Last I checked we live in a free country, unless you do that living in a RV

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Okay, I know I have said this 900 times, but the Gargoyle Leader editorial board really doesn’t know WTF they are talking about. Especially when it comes to a proposed RV ordinance. I watched the planning commission and council discussions, an ordinance has yet to be hammered out. How do you create an opinion on something that doesn’t exist yet? And how many of you actually watched the discussions? After reading your worthless rant in your worthless rag today, it is obvious none of you know a damn thing about the proposal. Let’s review;

Campgrounds are designed for temporary, recreational activity. Hanging out with the family. Parking a camper for a while at some new destination to see the sights there. They are not, however, designed to be someone’s permanent home.

This is partially correct. If you are talking about state or federally owned campgrounds, you are correct. But privately owned campgrounds are no different then a mobile home park or an apartment building. If someone is paying rent to the campground owner and that owner is paying property taxes why is it any of the city’s f’ing business how long they stay there?

Even the swankiest RV isn’t suitable to meet city codes for a permanent dwelling.

How would you know? Have you researched modern RV’s lately? You obviously have not been in some of the them. Most of them can resist below zero temps, in fact I have seen trailer homes in worse condition then most RV’s in this town. Maybe the city should do something about that problem.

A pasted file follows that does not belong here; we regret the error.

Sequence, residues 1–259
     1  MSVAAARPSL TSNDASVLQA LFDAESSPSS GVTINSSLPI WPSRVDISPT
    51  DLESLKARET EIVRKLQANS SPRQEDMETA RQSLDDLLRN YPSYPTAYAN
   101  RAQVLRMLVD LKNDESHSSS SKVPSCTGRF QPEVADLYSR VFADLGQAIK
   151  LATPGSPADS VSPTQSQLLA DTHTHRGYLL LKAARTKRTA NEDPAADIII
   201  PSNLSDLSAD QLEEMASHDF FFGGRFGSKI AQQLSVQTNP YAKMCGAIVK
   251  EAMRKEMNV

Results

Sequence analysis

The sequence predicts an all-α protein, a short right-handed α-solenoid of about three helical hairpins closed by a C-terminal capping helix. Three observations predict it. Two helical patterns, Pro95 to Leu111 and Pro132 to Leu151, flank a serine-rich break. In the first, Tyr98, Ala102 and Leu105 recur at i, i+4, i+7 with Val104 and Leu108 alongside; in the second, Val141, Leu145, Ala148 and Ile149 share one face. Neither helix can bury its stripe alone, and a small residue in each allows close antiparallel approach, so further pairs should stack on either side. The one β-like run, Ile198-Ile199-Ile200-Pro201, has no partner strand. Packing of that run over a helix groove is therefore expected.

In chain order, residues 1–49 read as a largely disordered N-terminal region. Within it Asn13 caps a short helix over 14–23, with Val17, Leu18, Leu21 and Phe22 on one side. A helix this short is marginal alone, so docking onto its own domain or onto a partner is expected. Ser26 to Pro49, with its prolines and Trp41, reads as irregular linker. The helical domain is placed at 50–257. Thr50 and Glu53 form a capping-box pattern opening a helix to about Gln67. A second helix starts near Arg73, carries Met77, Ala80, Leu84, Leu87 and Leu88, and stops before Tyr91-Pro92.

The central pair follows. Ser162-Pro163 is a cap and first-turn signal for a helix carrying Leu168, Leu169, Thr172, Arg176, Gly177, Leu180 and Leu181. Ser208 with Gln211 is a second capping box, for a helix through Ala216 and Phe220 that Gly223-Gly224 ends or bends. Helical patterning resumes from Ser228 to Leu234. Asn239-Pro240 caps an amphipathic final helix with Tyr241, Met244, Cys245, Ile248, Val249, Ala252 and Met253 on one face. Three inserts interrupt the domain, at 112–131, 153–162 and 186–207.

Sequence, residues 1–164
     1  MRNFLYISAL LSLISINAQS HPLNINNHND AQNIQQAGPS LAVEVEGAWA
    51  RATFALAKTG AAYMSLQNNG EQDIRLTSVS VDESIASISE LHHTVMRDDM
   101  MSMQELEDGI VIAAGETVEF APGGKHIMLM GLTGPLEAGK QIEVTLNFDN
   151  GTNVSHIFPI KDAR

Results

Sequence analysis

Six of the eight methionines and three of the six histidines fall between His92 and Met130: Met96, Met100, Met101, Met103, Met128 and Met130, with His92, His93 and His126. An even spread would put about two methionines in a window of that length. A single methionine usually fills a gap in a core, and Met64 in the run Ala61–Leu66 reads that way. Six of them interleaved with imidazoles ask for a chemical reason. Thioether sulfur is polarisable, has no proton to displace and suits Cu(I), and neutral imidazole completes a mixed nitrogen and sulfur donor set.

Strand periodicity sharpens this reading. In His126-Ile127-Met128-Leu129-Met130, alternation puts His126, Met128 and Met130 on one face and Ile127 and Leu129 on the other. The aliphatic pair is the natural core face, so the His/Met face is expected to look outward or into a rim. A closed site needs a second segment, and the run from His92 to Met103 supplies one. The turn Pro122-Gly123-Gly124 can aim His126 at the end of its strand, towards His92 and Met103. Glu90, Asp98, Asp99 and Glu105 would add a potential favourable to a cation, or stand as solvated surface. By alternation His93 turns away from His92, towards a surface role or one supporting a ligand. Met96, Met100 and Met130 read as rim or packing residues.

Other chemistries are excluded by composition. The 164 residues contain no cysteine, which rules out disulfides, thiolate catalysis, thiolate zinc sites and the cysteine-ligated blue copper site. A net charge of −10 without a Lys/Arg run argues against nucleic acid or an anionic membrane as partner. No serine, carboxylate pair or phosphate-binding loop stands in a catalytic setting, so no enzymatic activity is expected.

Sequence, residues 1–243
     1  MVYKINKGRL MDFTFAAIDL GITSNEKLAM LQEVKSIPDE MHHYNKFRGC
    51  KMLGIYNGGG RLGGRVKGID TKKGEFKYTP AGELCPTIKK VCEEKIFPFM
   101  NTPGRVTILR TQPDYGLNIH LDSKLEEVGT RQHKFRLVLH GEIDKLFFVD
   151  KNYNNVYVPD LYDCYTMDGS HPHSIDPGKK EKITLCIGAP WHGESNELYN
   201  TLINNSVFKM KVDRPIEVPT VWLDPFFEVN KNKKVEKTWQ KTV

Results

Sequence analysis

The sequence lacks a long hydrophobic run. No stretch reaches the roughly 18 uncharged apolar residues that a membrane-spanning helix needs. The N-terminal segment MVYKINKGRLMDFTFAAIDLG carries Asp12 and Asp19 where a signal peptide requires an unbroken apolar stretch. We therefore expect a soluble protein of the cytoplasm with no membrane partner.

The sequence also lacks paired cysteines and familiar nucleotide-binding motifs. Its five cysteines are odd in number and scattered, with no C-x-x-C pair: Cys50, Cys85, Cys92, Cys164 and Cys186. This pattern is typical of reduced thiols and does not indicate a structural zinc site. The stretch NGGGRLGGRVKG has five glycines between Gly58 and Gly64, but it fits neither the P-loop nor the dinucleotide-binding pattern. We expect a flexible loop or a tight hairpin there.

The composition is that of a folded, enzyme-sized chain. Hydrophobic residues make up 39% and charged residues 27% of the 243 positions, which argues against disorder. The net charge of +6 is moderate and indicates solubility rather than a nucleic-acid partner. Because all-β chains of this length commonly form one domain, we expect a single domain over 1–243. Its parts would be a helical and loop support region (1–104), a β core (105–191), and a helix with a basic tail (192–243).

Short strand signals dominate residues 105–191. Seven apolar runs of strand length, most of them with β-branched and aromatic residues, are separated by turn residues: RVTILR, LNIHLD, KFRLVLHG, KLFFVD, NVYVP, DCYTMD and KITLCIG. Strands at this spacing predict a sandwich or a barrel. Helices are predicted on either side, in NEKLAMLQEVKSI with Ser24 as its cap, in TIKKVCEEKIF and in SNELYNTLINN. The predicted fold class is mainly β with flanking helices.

So the City Council has an obligation to address an issue that’s cropped up in Sioux Falls regarding campground sites. Some campers are staying there nearly year-round – through winter’s frigid temperatures as well as the summer’s sun.

It is not an issue, or has it ever been one. Even one of the code enforcement officers admitted in your newspaper one of the main reasons they want the ordinance is because one does not exist. Typical of SF code enforcement, make more unneeded rules. When this was brought up in the planning meeting a campground owner suggested that they should go ahead and put one on the books if they feel they need one. When asked how long he thinks campers should be able to stay he said, “Well in Wisconsin they have a similiar rule, you can stay in a spot for 365 days in a year.” Sounds like a simple solution to me.

Though, the visitors are certainly welcome, the practice of staying yearlong in campgrounds violates the city’s health and safety codes.

This is also partially true. The biggest thing the city was concerned about was propane tanks. I couldn’t agree with them more, they can explode if they are dysfunctional. So make an ordinance about faulty propane tanks. What difference does it make if a camper stays 180 or 181 days if it has nothing to do with the stay, but more to do with their propane tank? As for these ‘supposed’ violations tell us which ones they are violating. Code enforcement already has the power to enforce health violations on a private campground. How does a 180 day rule prevent people from breaking health violations?